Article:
Where the Danube Meets the Sea

  • A Sfantu Gheorge local in his vegetable garden.

    A Sfantu Gheorge local in his vegetable garden.

  • Modern guesthouses like this one, located midway along the channel between Crisan and the Sfantu Gheorghe, have sprung up in the delta to cater to the region's growing ecotourism business.

    Modern guesthouses like this one, located midway along the channel between Crisan and the Sfantu Gheorghe, have sprung up in the delta to cater to the region's growing ecotourism business.

  • A speedboat en route to Crisan.

    A speedboat en route to Crisan.

  • A view over town from the Sulina Lighthouse Museum, with the domed bell towers of the Church of St. Nicholas rising above the south bank of the Danube as it flows toward the sea.

    A view over town from the Sulina Lighthouse Museum, with the domed bell towers of the Church of St. Nicholas rising above the south bank of the Danube as it flows toward the sea.

  • Enjoying a quiet evening by the water in Crisan.

    Enjoying a quiet evening by the water in Crisan.

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After a few days spent exploring Sfântu Gheorghe and its surroundings I moved on to the village of Crisan, two hours away by boat. In a small wooden lotca powered by an outboard motor, we navigated the thin and winding channels, ducking under fallen trees and following a route that the fisherman had clearly done a hundred times before; even so, we still needed to double back on occasion, as one channel can look very much like any other. As we progressed, narrow, overgrown channels suddenly opened out into majestic freshwater lakes, with pelicans and cormorants circling over vast expanses of reed beds. It was hard to focus on anything for more than a few seconds before something else caught my eye.

Crisan is barely more than a single road running alongside the water’s edge; it didn’t even exist until the late 19th century, when engineers began straightening the central of three main branches of the Danube that run through the delta. In the village church, just 20 meters from the water, Father Aurel Codris guided me around his small chapel, pointing out the 100-year-old paintings of saints that adorn the walls.

“I went to agricultural school to train as a vet before joining the priesthood,” he told me, adding that he moved to Crisan five years ago and fell in love with the place. “With God’s help I will retire here,” he said. His church was once the center of the community, but like elsewhere in the world, fewer and fewer people of the younger generation are attending; later I joined around 20 villagers, mostly elderly, for Sunday service.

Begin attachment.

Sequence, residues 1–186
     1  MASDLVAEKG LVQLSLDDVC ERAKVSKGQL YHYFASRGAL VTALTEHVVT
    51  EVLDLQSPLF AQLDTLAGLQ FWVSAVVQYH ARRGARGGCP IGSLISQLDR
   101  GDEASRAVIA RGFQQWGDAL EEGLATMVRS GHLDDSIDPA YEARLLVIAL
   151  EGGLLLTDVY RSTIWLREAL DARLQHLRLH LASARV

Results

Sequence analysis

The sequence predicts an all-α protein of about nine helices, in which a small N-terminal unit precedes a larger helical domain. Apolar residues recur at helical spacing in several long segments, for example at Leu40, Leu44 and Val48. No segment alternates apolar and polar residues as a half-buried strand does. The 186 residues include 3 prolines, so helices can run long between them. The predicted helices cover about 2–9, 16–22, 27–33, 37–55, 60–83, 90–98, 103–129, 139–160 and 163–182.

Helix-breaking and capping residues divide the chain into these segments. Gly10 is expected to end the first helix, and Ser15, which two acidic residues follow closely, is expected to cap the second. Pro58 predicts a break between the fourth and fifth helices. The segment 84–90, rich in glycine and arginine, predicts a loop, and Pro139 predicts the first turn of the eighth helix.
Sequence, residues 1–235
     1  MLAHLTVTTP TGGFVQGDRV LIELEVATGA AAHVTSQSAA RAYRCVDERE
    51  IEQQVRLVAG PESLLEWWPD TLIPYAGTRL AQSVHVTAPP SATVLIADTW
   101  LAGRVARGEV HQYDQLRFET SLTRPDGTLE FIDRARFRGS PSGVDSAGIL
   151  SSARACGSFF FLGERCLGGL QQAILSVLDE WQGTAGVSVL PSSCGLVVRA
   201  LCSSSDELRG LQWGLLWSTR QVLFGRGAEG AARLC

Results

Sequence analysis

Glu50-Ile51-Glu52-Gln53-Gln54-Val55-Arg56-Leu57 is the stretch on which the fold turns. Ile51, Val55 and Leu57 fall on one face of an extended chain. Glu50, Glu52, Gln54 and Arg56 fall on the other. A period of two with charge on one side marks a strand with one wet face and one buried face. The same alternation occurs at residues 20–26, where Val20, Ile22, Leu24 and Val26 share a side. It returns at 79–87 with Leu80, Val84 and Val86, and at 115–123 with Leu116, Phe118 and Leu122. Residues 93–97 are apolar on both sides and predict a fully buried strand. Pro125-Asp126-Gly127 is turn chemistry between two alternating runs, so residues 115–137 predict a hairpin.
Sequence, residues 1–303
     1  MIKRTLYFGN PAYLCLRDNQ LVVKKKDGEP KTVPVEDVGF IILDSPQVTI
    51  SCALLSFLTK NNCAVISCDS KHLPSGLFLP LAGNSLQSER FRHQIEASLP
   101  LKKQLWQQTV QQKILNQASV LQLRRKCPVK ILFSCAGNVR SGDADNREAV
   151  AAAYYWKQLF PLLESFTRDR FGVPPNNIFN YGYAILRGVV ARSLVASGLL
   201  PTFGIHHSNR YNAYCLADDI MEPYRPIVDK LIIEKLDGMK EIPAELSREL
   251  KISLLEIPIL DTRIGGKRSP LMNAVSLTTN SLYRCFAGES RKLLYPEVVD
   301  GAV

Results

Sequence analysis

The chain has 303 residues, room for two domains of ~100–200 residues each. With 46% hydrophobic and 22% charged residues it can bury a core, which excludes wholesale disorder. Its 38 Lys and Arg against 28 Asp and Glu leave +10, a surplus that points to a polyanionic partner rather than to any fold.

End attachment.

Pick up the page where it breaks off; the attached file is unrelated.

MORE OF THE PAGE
A picturesque village, Crisan in recent years has become a hub for those looking to explore the Danube Delta in a more adventurous way. Rowmania, an organization set up by former Olympic canoeist Ivan Patzaichin, has a tour center in the village where people can hire “canotcas” (a cross between a lotca and a race canoe) for daytrips or several days’ exploration. “We have route maps and people can just rent the boats, or they can be guided by me, my brother, or my son,” said Adrian Oprisan, the 48-year-old owner of the small guesthouse that partners with Rowmania.

As in many of the smaller delta communities, when the sun sets in Crisan, those left in the village go to sleep. So I whiled away my one evening there sitting on a small jetty watching the sun set over the still water, and then the stars filling the sky.

I spend my final two days in Sulina, the largest community in the delta. With 3,600 people, the town feels like another world: young couples, families, and tourists crowd the waterside restaurants and bars, with live music played into the evening. A short walk outside town is a beautiful sandy beach that marks the end of the delta and the start of the Black Sea.

Legend has it that a community first sprang up in Sulina in the 10th century, when Greek pirates established a base here. The population boomed during the time of the European Commission of the Danube, the international body created in 1856 to ensure that the mouths of the Danube remained navigable. But the town was heavily bombed during World War II, and the commission was eventually superseded by a Soviet-controlled agency. Over the last few decades Sulina has lost even more relevance with the closure of its fish canneries and shipyards.

Despite this, it’s easy to spend hours just wandering along the banks of the Danube watching the boats go by and checking out Sulina’s old merchant buildings, the European Commission’s neoclassical former headquarters, and the various churches, all of which appear to be dedicated to St. Nicholas, the patron saint of sailors. On my last night in town, I sit down to a plate of grilled catfish, a local specialty. It’s a final, succulent reminder of the Danube Delta.

THE DETAILS

Getting there
Fly to Bucharest via Istanbul on Turkish Airlines and then take a train from Gara de Nord station to Tulcea, approximately six hours away. From Tulcea there are daily ferries to Sulina and Crisan and less regular services to Sfântu Gheorghe and other delta communities.

Where to stay
Tulcea has a handful of decent hotels, but once you are in the delta proper it is mostly a case of staying in family-run guesthouses or hotels. In the smaller communities you will simply need to ask someone to point you in the direction of a family that rents out their spare rooms. Alternatively, arrange a visit through DiscoveRomania, a leading Romanian tour company.

This article originally appeared in the February/March print issue of DestinAsian magazine (“Where the Danube Meets the Sea”)

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